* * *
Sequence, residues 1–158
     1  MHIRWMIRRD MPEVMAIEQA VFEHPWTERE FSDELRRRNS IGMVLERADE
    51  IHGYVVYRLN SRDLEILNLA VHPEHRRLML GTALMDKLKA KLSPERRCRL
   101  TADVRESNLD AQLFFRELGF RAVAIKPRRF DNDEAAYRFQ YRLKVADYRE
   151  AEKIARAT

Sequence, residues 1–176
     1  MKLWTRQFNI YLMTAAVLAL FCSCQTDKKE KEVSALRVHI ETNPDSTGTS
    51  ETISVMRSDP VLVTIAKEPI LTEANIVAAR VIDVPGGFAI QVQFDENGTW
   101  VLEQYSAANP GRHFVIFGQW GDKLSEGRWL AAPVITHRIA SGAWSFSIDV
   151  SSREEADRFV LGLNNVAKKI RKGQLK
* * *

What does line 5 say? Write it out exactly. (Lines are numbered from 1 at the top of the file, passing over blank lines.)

   151  AEKIARAT